The FCC Is Leading Us Toward Catastrophe
Chairman Pai is trusting cable and telcos to do the right thing. Bad news for anyone who wants accessible internet.
By Susan Crawford
Apr 17 2017
I’ve spent the last few months visiting scrappy cities all over America that are charting their own destinies. They’re planning for economic growth and social justice; they’re looking hard at the challenges they face, including workforce development and affordable housing; and no one I talk to mentions Donald Trump.
What these cities have in common is that they treat fiber optic internet access as a utility, like water, electricity, sewer service, and their street grid: available to all, without discrimination, at a reasonable cost. That’s completely at odds with FCC Chairman Ajit Pai’s plans for the country. And the tension between these two views is shaping up to be an explosive issue for the next presidential election.
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Here’s what we know about Pai’s latest scheme: He’s planning to erase the utility designation the Obama FCC re-applied to high-speed internet access carriers in February 2015 (following an unprecedented 10-year period of deregulation). In parallel, in an empty bid to pay lip service to the idea of an open internet, he wants to shift authority to the Federal Trade Commission.
You can get an idea of his thinking by this approach to net neutrality, the principle that puts all online services on an equal footing and preserves the ability of smart new companies to attract investment and find their customers. His plan is wildly contingent and transparently toothless. He will (1) persuade carriers to voluntarily say something about net neutrality in their terms of service; (2) say that the FTC, an agency without rule-making authority or particular expertise in telecommunications, will go after carriers that act in ways that contradict the vague language the carriers insert into their multi-screen terms of service; and (3) remove the FCC’s legal ability to act as a regulator with respect to the private monopolies that control internet access in this country.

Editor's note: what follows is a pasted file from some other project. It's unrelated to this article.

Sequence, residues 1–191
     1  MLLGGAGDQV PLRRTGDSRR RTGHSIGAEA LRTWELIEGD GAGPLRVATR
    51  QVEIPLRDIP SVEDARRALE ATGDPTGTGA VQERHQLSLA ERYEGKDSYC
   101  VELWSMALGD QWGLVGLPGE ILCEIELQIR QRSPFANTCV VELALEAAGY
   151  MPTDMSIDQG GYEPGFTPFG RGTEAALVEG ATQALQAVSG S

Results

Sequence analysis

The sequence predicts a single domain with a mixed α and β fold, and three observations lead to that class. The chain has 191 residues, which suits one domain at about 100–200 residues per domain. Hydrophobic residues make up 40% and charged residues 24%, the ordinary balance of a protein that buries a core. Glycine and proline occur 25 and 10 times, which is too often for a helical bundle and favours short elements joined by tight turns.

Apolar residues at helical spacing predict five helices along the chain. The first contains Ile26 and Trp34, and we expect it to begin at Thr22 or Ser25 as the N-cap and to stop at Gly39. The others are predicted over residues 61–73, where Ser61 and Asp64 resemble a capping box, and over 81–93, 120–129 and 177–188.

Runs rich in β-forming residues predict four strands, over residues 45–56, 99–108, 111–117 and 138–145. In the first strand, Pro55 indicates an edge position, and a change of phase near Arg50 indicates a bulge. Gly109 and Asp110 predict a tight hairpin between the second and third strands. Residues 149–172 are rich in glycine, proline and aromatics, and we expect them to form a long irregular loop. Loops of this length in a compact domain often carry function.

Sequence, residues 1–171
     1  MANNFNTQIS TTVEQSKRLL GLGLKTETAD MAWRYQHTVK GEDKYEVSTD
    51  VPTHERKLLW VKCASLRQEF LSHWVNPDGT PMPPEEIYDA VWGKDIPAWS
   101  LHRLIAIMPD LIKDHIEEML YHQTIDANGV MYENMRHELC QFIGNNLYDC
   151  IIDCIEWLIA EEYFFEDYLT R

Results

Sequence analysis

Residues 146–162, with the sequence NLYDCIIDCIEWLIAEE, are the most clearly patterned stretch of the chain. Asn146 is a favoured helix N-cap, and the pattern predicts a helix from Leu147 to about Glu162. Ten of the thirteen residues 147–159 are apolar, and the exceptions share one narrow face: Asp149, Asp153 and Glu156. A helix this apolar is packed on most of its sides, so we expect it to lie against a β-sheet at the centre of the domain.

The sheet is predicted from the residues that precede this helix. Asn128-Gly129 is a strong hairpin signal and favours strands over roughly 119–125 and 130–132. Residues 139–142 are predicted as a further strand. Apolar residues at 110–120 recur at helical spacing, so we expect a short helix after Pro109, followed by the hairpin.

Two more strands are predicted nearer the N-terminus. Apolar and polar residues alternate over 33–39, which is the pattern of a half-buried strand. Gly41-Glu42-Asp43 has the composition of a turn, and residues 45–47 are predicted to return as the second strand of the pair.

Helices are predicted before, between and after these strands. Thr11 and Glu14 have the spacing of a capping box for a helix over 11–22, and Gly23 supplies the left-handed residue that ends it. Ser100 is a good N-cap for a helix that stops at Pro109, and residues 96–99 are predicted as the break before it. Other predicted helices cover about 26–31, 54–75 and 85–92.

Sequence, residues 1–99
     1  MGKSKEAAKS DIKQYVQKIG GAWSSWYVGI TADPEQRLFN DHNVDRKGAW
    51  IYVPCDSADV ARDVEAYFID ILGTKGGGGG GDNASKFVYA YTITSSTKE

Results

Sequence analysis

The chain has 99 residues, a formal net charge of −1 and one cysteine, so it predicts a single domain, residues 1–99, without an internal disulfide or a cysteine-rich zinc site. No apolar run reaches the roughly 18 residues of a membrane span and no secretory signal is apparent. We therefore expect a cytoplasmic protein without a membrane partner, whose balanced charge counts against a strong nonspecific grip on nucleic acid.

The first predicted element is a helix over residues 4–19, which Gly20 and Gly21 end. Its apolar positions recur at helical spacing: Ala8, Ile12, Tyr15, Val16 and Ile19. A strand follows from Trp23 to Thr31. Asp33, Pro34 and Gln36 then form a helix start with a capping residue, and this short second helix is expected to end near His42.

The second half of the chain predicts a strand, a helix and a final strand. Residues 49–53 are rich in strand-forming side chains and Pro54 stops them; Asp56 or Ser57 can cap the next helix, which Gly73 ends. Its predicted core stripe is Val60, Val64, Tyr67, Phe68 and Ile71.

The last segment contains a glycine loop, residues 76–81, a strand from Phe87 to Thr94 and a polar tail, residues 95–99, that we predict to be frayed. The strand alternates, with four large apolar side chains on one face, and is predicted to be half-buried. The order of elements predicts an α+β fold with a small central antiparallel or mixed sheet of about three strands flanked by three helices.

This is a breathtaking move. It should be deeply troubling to all Americans, no matter whom they voted for last fall. Because this move is not really about net neutrality: It’s about whether or not internet access is a utility rather than a luxury. If it’s a utility, it needs to be subject to rules, laid out in advance, about availability and quality. If it’s not, we’re saying we trust competition in the private market to protect consumers and ensure that everyone in the country gets world-class, open, nondiscriminatory internet access.
Pai is saying he trusts competition in the private marketplace. That’s nonsensical.
For about 10 years, beginning in 2004, the US departed from a long tradition of treating basic telecommunications like a utility. Michael Powell, now the lead lobbyist for the cable industry but at the time the Chairman of the FCC, told everyone that cable companies would battle it out with phone companies to provide internet access to Americans. The theory he promoted was that prices would stay low, quality would remain high, and everyone would be served because of this energetic competition for market share — so there was no need for oversight.
It turns out, though, that this plan didn’t do anything to address the monopolistic structure of telecom. Adding a little internet-y flavor to basic, physical telecommunications lines makes zero difference to the economics of building these essential connections. Because the upfront costs of building communications lines — very physical things, lots of labor costs involved — are high, because no one needs two lines to their house, and because it was cheaper to upgrade the cable systems to higher speeds than to dig up copper wires and replace them with fiber, we have ended up with a country subject to geographically divided markets, private, unconstrained monopolies, and big holes where internet access is rare and expensive where it exists at all. In urban areas, local cable monopolies generally wield tremendous power and charge as much as they like. Rural places, meanwhile, are often relegated to inadequate connections over copper phone lines.